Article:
Are credit unions on your tail?

An advertising campaign aimed to boost awareness among Ontarians about an alternative form of banking could up to competition between financial advisors.

Are credit unions on your tail?
Advisors at Ontario’s credit unions may be nipping at your heels, if a new awareness campaign proves successful.

The Credit Unions of Ontario campaign, launched Monday, aims to boost awareness among Ontario residents, who seem to barely know what credit unions are, let alone what they do.

A recent survey revealed that just one in five Ontarians, or 19 per cent, could name a credit union, while only one-third, or 36 per cent, of respondents understood the services they offer, how they function and differ from other financial institutions.

Hence, the need for a campaign, explains the President and CEO of Libro Credit Union, Stephen Bolton.

“It has certainly become apparent for us that, in the province of Ontario, credit unions aren’t well known or understood as compared to other provinces,” says Bolton. “We thought it was incumbent upon ourselves to raise the awareness profile so that Ontarians knew there was an alternative financial services group that does things in a cooperative manner.”

The campaign will include advertising on the web, via social media and on TV with a push to change the perceptions and attitudes towards credit unions, while revealing the benefits of this alternative form of banking.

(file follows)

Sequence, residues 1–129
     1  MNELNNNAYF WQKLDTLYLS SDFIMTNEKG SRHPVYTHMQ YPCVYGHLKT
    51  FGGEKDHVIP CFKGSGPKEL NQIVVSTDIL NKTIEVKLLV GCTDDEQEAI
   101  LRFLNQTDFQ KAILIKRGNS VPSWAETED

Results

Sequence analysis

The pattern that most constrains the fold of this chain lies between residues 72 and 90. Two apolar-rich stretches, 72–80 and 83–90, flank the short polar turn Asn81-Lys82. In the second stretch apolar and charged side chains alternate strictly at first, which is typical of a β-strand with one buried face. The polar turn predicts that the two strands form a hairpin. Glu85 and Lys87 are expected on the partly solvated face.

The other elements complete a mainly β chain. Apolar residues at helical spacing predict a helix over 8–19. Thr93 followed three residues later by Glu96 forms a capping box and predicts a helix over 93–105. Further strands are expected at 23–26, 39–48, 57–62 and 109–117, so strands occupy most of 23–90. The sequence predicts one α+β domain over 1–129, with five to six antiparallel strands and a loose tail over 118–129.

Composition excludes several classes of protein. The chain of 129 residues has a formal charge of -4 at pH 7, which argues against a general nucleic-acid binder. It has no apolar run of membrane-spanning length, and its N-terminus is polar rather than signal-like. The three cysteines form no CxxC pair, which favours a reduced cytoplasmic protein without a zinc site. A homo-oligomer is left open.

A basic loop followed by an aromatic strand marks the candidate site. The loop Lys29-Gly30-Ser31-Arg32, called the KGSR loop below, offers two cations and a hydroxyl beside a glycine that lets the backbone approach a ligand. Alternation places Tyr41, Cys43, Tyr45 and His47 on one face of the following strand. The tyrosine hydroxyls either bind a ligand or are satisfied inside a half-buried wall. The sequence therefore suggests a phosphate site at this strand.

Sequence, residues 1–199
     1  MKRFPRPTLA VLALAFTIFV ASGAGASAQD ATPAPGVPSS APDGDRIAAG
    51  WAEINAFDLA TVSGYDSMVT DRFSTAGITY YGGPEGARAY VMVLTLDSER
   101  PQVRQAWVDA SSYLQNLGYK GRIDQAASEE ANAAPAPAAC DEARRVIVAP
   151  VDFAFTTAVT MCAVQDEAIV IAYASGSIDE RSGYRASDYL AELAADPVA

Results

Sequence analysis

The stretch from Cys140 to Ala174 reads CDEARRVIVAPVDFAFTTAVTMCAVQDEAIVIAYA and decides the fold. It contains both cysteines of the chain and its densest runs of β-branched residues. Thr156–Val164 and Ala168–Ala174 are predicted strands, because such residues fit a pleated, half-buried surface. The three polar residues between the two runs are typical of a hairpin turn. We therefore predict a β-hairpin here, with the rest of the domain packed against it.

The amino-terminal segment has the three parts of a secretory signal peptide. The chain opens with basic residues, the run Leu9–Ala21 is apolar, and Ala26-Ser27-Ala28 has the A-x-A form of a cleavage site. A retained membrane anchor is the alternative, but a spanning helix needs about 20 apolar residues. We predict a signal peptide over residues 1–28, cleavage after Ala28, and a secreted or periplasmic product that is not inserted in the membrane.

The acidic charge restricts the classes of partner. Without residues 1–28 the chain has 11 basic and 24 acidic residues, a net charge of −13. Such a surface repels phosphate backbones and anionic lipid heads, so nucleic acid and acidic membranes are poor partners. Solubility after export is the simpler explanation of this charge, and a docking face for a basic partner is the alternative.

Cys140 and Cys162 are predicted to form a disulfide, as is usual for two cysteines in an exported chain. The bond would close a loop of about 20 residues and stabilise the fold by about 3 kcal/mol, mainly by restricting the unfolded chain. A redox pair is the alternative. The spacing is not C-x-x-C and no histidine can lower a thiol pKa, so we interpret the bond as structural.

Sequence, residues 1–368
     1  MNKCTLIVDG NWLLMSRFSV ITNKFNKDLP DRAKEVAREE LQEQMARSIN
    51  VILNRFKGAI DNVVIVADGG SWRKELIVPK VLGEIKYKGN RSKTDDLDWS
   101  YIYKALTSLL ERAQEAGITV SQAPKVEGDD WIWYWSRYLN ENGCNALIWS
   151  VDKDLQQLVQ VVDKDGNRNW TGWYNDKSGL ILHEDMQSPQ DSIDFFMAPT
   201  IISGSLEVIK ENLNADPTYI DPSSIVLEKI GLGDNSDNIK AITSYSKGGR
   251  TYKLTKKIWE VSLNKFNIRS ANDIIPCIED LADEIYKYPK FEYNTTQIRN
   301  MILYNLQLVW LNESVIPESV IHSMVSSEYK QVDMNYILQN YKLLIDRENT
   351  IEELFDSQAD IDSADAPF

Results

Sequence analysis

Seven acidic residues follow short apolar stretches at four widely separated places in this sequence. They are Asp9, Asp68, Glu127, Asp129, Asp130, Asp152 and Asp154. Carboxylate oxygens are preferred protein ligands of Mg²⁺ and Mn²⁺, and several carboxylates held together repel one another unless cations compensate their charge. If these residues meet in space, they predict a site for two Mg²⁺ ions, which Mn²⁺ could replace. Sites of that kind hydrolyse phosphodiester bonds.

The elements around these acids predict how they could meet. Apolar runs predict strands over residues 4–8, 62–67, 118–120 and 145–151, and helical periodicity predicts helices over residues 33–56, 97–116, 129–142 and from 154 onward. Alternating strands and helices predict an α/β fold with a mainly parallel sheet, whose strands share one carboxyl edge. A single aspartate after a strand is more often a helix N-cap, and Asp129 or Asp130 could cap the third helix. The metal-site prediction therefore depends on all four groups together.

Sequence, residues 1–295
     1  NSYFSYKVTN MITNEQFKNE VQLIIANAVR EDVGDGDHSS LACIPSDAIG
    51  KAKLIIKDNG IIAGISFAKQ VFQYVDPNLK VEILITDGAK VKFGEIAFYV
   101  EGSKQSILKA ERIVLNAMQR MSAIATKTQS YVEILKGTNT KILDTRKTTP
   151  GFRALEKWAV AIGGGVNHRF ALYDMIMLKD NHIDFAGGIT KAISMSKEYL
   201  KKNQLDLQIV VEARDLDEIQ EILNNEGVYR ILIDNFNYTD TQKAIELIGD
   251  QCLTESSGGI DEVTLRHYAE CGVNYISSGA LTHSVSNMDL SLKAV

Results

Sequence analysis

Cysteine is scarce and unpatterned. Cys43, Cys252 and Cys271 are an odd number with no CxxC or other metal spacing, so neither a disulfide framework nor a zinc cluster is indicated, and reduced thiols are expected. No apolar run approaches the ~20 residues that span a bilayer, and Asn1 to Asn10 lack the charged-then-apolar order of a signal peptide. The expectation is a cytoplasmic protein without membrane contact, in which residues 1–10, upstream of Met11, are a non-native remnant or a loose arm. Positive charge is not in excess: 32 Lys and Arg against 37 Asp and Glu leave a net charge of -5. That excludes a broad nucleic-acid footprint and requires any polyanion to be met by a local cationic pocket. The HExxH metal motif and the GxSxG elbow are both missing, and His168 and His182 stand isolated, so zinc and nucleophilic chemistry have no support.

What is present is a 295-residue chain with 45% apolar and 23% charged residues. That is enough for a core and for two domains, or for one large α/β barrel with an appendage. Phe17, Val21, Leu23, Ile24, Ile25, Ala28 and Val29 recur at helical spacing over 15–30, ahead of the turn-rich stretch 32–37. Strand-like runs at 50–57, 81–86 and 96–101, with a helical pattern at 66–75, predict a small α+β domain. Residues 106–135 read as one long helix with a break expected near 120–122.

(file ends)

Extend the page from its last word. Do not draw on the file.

“Cooperative and banking are two words that don’t necessarily go together,” explains Bolton. “The campaign is all around that concept, informing people about what credit unions are and how relevant they are in the marketplace today, so that when people make a choice on their banking services, they will think of us first.”

So, what’s the big threat to advisors, you ask? (continued.)


One Winnipeg-based credit union advisor – who wished to remain anonymous – says it’s the less cut-throat, community approach of credit unions that wins clients over. Citing that credit unions have been recognized by the Ipsos Best Banking Awards for nine consecutive years, scoring on top in areas such as financial planning and advice, branch and customer service, he says working for a credit union is far less stressful for the advisor and more appealing for the client. 

“When I worked at the bank, there was always three people in the conversation; me, the bank and you (the client)” he explains. “Because (the credit union) is in the neighbourhood, in the community, I get a lot of members who say they are more comfortable with me managing their assets than they were with their previous advisor.”

Having said this, he believes Ontario’s credit unions will have a tougher time boosting their market presence than those in other provinces, where residents would rather keep their money at home, than hand it over to a national bank. Competing against the Big Five – with head offices in Toronto and limitless resources to connect with customers – is a major plight to overcome, he says. Furthermore, he feels credit unions fail to effectively amplify their strengths and win-over their target audience.

“You can have a real value statement, but what does that mean to the member? What is the value to them?” he asks. “That feel good thing is not different from recycling. It sounds great, but what does that mean to the individual. It has to resonate with you. I just don’t think it (the campaign) resonates with the points that they’ve made.”

Regardless of this advisor's predictions, for the next five years, the campaign will go on with the intention of letting Ontarians know what “banking with a higher purpose,” as Bolton coins it, actually means.

"We answer to Main Street, not Wall Street,” says Bolton. “While we do make profits, we pride ourselves in putting them back into the communities we serve to do good things for everyone.”

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